Pigeon (Chordate)


external image pigeon&sa=X&ei=LLXCUK37Eo6w0AGB4IGABA&ved=0CAkQ8wc&usg=AFQjCNEmSyR0WYdn6oafZWWvetWmDUPbiA
By: Shreya Bhatia

Topics:

  1. Classification/Diagnostic characteristics

  2. Relationship to humans

  3. Habitat and niche

  4. Predator avoidance

  5. Nutrient acquisition

  6. Reproduction and life cycle

  7. Growth and development

  8. Integument

  9. Movement

  10. Sensing the environment

  11. Gas exchange

  12. Waste removal

  13. Environmental physiology (temperature, water and salt regulation)

  14. Internal circulation

  15. Chemical control (i.e. endocrine system)



Classification/ Diagnostic Characteristics


Pigeons belong to the kingdom Animalia, the phylum chordate and the class aves. Birds and crocodilians have common ancestry originating from dinosaurs. Birds, specifically, are thought to have originated from “therioids,” dinosaurs with traits such as bipedal stance (two feet), hollow bones, a furcula (wishbone—forked bone found in neck area of birds and such animals) elongated metatarsals (bones that make up our feet/ toes) with three fingered feet, elongated forelimbs with three-fingered hands, and a backwards pointing pelvis. Other major and distinctive characteristics pigeons have are that they hatch from eggs, have feathers, a beak, two feet, and wings (1).


Relationship to Humans


Pigeons were used to transport letters years ago. According to Mr. Snow, a biology teacher at Sharon High, Darwin loved pigeons. Pigeons are very well known for finding their home and destination even if they are in unknown territory. This ability to return to specific locations is called homing. Even though pigeons can do this by following the path of the sun, they do not always need the sun to find their way. Perhaps Darwin loved using pigeons to transport mail because of this natural and adept ability (1).

Pigeons are also in contact with humans when it comes to food. One often finds pigeons in cities, since cities are full of food, and pigeons love eating whatever food they can find. People often personally feed pigeons, perhaps out of pity or admiration for their looks. Because of this proximity, pigeons are not that afraid of humans, and can come to very close distances to us. Pigeons can also be used for research and experiments. For example, Charles Darwin bred pigeons in his study for artificial and natural selection (1).

Domesticated or hunted pigeon have been used as the source of food since Ancient Middle East, Ancient Rome and Medieval Europe. It is familiar meat within Jewish, Arab and French cuisines. According to the Tanakhm, doves are kosher, and they are the only birds that may be used for a korban, a sacred offering. Other kosher birds may be eaten, but not brought as a korban. It is also known in Asian cuisines, such as Chinese and Indonesian (2).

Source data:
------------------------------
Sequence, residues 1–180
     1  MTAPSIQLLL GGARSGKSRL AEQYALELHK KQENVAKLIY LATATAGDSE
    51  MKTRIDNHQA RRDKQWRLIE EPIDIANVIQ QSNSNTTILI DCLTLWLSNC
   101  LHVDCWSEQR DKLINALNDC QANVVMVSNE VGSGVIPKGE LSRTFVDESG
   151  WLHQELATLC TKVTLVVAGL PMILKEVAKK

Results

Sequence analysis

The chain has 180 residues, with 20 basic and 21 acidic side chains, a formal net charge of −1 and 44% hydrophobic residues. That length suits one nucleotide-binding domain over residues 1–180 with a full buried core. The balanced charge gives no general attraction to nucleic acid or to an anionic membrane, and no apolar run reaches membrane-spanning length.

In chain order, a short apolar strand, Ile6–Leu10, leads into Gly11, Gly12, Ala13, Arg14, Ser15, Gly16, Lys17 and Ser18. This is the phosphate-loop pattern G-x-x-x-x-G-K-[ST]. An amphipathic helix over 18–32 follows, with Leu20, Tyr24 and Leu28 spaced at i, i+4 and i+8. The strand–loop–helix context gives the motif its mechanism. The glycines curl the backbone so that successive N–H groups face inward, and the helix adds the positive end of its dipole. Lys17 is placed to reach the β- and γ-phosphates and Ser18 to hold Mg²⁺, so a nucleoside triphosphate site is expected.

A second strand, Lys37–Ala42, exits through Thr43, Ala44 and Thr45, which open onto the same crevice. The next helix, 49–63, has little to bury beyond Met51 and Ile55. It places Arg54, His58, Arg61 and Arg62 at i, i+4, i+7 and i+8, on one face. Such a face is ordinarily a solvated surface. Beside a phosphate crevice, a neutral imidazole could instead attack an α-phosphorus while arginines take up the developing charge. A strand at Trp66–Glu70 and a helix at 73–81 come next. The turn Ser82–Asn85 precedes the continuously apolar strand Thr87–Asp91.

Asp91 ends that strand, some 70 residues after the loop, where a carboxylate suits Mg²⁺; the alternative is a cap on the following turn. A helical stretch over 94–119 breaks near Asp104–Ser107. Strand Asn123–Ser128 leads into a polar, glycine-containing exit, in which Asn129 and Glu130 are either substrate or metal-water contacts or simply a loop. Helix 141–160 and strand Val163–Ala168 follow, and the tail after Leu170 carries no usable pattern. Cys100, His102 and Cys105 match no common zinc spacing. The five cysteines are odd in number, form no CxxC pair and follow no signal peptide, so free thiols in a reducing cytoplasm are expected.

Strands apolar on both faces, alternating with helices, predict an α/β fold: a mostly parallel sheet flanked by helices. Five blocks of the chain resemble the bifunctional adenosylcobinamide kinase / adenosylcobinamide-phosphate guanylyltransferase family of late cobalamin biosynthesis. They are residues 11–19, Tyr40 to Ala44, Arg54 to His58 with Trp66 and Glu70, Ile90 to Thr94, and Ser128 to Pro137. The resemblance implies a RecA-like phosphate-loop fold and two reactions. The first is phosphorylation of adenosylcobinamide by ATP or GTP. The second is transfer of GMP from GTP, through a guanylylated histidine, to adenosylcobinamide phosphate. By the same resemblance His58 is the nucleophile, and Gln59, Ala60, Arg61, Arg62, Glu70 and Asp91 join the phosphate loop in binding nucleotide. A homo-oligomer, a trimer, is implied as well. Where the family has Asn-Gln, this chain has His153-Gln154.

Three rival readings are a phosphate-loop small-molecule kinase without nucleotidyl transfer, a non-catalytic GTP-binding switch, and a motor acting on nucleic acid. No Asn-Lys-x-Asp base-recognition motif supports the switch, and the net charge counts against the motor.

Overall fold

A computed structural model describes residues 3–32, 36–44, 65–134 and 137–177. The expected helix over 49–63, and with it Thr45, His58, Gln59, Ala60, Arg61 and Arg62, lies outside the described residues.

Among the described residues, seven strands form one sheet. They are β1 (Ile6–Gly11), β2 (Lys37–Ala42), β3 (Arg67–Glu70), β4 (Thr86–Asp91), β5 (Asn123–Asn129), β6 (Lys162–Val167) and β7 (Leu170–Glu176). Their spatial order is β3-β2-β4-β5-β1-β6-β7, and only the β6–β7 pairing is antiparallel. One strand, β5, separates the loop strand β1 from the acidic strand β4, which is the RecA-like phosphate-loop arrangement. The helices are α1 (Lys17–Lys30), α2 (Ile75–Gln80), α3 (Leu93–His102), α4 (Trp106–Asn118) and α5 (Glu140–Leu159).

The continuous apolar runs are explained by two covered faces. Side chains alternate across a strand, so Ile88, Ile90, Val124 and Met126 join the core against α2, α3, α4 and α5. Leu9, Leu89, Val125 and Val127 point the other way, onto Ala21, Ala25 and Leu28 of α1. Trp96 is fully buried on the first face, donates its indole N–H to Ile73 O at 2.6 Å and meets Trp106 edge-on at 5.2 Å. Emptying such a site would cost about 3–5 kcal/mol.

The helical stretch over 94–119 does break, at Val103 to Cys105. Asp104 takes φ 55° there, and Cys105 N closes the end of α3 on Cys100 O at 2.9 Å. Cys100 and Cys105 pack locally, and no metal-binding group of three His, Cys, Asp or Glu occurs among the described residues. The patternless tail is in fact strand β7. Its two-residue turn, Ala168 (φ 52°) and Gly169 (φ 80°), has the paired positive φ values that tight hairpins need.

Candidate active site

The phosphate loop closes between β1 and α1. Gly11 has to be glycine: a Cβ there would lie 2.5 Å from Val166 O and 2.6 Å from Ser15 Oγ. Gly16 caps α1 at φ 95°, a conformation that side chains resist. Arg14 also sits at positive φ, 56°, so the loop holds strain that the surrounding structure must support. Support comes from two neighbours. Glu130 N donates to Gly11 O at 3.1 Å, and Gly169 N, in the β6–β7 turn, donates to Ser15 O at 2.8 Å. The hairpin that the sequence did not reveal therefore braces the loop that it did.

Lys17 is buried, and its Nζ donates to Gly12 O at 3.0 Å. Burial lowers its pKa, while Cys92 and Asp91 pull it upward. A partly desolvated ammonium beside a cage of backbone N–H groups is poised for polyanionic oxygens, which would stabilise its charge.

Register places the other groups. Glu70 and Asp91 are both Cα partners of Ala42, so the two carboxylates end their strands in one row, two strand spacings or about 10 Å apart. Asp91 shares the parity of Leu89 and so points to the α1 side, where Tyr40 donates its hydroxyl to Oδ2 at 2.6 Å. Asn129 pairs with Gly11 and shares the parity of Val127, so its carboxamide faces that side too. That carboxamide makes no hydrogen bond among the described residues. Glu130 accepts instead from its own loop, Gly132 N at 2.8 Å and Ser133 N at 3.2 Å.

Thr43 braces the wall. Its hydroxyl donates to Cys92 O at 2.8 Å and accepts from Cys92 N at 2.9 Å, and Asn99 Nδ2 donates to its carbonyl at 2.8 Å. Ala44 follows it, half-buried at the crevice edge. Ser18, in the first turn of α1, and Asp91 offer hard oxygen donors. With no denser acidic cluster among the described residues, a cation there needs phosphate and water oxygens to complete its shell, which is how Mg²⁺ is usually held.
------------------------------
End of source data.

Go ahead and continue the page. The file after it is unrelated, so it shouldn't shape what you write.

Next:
Habitat and Niche


Pigeons are located all around the world, especially in forests and coasts. They are mostly found in urban areas where there is a high density of humans, specifically in cities and parks where food is easily sought. Pigeons nest in trees near areas of easily available food. Pigeons usually eat worms, seeds, and human leftover foods from garbage and the ground.

Pigeons are eaten by large birds such as hawks, and animals such as cats and racoons (1).

Even though certain species are in a large abundance, a third of the 316 pigeon species are thought to be threatened, according to the World Conservation Union. These animals have very limited habitats, occupying only small oceanic islands. The passenger pigeon, for example, was driven to extinction by human hunting (3).

The original native habitat of the pigeon is cliff sides, and many can be found today nesting on eastern Washington on cliffs (4).




Predator Avoidance


Pigeons travel in large numbers to avoid larger predators such as Goshawks. Pigeons travel in large flocks because the more members they have, the higher the chance that one will see the hawk and fly away. When one member flies away, the other pigeons quickly disperse, making it difficult for the predator to target and attack one pigeon (1).


A Goshawk, predator of the pigeon.
A Goshawk, predator of the pigeon.
http://www.fs.fed.us/psw/topics/ecosystem_processes/sierra/bio_diversity/images/NOGO_adult_male_head.jpg


In addition to traveling in large packs, pigeons also use a common defense mechanism of birds known as the broken wing display that divert a predators attention away from a birds nest. Pigeons also have rather short nesting periods to avoid the chance that a predator can attack the nest (5).

boy chasing pigeons
boy chasing pigeons
Pigeons and squirrels not getting along.
Pigeons and squirrels not getting along.


Nutrient Acquisition


Pigeons are primary and secondary consumers, eating many types of seeds and worms, even insects. They get nutrients from their foods by digesting and absorbing the nutrients in the process. Since pigeons mostly live in human occupied spaces, they eat many foods leave behind by people. This can be deadly since pigeons may choke on large foods, or eat foods toxic to their bodies (1).



A pigeon eating food left behind by humans.
A pigeon eating food left behind by humans.


Because pigeons eat just about anything, they are very prone to health issues.
Because pigeons eat just about anything, they are very prone to health issues.
Pigeons may be bullies sometimes if they desire food.